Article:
In 1958, the United Nations established the World Forum for Harmonization of Vehicle Regulations, an international standards body advancing auto safety. Many of the most life saving safety innovations, like seat belts and roll cage construction were brought to market under its auspices. That same year, Volvo engineer Nils Bohlin invented and patented the three-point lap and shoulder seat belt, which became standard equipment on all Volvo cars in 1959. Over the next several decades, three-point safety belts were gradually mandated in all vehicles by regulators throughout the industrialised world.
In 1959, American Motors Corporation offered the first optional head rests for the front seat. Also in 1959, the Cadillac Cyclone concept by Harley Earl had "a radar-based crash-avoidance system" located in the on the nose cones of the vehicle that would make audible and visual signals to the driver if there were obstacles in the vehicles path.
In 1966, the U.S. established the United States Department of Transportation (DOT) with automobile safety as one of its purposes. The National Transportation Safety Board (NTSB) was created as an independent organization on April 1, 1967, but was reliant on the DOT for administration and funding. However, in 1975 the organization was made completely independent by the Independent Safety Board Act (in P.L. 93-633; 49 U.S.C. 1901).
In 1967, equipment specifications by such major fleet purchasers as the City and County of Los Angeles, California encouraged the voluntary installation in most new cars sold in the US of safety devices, systems, and design features including:
In 1968, the precursor agency to the US National Highway Traffic Safety Administration's first Federal Motor Vehicle Safety Standards took effect. These required shoulder belts for left and right front-seat vehicle occupants, side marker lights, collapsible steering columns, and other safety features. 1969 saw the addition of head restraints for front outboard passengers, addressing the problem of whiplash in rear-end collisions. These safety requirements did not apply to vehicles classified as "commercial," such as light-duty pickup trucks. Thus manufacturers did not always include such hardware in these vehicles, even though many did passenger-car duty.
Volvo developed the first rear-facing child seat in 1964 and introduced its own booster seat in 1978.
In 1974, GM offered driver and passenger airbags as optional equipment on large Cadillacs, Buicks, and Oldsmobiles.
In 1979 NHTSA began crash-testing popular cars and publishing the results, to inform consumers and encourage manufacturers to improve the safety of their vehicles. Initially, the US NCAP (New Car Assessment Program) crash tests examined compliance with the occupant-protection provisions of FMVSS 208. Over the subsequent years, this NHTSA program was gradually expanded in scope. In 1997, the European New Car Assessment Programme (Euro NCAP) was established to test new vehicles' safety performance and publish the results for vehicle shoppers' information. The NHTSA crash tests are presently operated and published as the U.S. branch of the international NCAP programme.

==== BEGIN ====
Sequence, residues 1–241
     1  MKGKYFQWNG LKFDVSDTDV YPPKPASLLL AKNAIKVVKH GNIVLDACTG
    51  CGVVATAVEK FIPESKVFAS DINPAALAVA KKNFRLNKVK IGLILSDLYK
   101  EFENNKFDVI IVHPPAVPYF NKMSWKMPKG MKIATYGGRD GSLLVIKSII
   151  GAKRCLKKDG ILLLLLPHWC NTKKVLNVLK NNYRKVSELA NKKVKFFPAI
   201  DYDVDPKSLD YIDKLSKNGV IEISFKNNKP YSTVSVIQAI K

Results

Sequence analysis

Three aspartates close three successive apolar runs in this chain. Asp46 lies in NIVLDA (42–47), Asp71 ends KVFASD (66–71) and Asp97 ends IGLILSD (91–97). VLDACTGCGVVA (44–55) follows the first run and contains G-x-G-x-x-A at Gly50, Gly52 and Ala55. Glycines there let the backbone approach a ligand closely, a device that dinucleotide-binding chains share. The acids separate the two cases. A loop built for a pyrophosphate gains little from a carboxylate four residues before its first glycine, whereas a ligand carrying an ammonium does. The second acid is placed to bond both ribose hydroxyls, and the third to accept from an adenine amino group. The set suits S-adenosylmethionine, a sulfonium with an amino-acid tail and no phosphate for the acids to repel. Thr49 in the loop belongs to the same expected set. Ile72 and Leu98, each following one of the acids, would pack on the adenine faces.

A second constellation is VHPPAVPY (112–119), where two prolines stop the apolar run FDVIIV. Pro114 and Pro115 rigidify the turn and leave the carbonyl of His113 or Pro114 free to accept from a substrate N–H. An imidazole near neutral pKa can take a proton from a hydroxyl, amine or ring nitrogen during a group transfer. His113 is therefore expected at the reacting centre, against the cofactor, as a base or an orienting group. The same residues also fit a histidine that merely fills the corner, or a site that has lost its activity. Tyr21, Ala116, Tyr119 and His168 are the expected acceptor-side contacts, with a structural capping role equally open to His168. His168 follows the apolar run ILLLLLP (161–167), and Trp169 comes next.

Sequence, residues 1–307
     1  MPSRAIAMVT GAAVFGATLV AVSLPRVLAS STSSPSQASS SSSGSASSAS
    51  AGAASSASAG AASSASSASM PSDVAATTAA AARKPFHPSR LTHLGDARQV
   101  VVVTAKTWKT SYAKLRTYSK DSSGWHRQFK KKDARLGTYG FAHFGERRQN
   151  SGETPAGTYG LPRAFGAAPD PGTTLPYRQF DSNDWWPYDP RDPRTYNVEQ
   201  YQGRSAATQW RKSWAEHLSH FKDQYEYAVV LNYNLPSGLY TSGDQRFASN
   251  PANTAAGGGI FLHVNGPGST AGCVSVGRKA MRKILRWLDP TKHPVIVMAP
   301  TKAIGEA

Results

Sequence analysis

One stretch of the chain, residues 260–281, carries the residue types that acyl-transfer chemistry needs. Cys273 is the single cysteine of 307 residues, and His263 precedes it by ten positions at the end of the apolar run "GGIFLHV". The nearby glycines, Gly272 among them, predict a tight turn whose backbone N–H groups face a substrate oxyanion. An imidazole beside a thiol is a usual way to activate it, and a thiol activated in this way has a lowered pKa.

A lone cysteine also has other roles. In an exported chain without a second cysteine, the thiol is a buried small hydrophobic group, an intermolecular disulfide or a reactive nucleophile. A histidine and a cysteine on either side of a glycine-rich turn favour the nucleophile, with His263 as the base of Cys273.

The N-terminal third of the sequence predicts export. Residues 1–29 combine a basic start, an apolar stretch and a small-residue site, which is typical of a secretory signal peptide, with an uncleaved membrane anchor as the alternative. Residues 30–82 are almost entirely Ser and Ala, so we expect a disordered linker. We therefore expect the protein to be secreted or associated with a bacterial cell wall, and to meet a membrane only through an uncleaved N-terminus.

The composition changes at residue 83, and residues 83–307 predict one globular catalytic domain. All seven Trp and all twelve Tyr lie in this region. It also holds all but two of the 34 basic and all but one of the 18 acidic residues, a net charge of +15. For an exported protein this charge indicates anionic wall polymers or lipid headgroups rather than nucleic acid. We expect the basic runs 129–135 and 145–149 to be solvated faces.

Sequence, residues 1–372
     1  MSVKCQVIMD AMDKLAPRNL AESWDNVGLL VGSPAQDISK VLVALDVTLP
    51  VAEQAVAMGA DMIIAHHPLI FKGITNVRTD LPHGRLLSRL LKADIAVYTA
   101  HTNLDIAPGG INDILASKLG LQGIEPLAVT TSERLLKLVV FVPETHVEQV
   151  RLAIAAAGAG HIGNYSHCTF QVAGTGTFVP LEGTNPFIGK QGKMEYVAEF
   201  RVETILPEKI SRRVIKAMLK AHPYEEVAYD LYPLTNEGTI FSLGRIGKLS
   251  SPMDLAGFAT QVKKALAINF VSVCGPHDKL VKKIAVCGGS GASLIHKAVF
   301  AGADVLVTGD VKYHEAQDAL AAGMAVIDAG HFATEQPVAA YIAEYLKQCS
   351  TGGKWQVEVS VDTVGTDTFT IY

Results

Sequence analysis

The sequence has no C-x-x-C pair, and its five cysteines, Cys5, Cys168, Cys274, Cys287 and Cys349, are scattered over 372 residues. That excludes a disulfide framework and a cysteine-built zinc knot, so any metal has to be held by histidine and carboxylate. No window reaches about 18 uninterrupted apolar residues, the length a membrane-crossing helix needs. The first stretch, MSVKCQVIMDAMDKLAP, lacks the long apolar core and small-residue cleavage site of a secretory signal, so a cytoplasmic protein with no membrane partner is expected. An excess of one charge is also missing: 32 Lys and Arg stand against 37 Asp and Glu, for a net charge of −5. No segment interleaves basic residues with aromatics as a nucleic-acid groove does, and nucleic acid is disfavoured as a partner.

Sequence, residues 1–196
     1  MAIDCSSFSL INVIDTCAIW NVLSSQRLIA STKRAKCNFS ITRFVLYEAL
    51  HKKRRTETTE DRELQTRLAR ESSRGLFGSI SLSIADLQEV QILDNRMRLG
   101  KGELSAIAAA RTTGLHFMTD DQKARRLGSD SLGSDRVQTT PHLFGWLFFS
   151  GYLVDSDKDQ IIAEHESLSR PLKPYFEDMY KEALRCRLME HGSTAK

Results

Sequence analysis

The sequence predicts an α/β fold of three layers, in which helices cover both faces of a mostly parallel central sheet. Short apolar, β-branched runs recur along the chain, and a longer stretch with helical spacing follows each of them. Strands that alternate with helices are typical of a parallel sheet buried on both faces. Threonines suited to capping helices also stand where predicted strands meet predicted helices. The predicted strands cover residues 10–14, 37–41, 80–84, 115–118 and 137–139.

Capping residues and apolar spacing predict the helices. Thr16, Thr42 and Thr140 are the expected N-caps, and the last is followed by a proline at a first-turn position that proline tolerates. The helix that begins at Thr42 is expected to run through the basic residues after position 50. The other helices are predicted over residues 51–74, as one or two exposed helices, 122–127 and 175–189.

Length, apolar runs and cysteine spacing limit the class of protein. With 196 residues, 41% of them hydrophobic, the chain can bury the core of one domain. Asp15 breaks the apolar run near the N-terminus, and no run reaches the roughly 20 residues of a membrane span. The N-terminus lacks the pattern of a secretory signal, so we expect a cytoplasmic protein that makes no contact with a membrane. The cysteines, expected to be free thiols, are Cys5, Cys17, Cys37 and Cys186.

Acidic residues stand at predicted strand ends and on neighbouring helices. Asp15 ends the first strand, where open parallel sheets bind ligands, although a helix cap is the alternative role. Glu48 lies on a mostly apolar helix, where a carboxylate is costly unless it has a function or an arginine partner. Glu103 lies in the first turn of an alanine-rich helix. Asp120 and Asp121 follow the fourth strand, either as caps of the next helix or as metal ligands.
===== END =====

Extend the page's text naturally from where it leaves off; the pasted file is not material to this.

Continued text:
In 1984 New York State passed the first U.S. law requiring seat belt use in passenger cars. Seat belt laws have since been adopted by 49 states (New Hampshire has not). NHTSA estimates the resulting increased seat belt use saves 10,000 per year in the United States.
In 1989, companies in Israel implemented Advanced Brake Warning systems, where the driver would be alerted as to how hard the driver in front of them was pressing on their brakes. This has yet to be implemented into mainstream Europe or America.
Airbags were first installed in production vehicles in the 1980s as standard equipment instead of an option as was done in the mid 1970s (such as the Oldsmobile Toronado in 1974). In 1981, airbags were an available option on the Mercedes-Benz W126 (S-Class). In 1987, the Porsche 944 Turbo became the first car to have driver and passenger airbags as standard equipment, and airbags were offered as an available option on the 944 and 944S. The first airbag was also installed in a Japanese car, the Honda Legend, in 1987. In 1988, Chrysler was the first United States company to install standard driver's side air bags, in six of its passenger models. In 1989, Chrysler became the first U.S. auto manufacturer to install driver-side air bags in all its domestic-built automobiles.